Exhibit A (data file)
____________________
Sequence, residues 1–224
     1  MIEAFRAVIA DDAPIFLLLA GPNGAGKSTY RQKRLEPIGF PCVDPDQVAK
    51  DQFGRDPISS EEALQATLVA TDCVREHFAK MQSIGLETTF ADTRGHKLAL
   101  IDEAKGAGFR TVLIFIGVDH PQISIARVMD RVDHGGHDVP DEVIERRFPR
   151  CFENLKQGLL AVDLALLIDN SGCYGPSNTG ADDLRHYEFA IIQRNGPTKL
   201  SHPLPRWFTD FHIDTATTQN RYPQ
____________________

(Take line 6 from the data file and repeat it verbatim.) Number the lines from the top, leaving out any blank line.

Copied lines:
   201  SHPLPRWFTD FHIDTATTQN RYPQ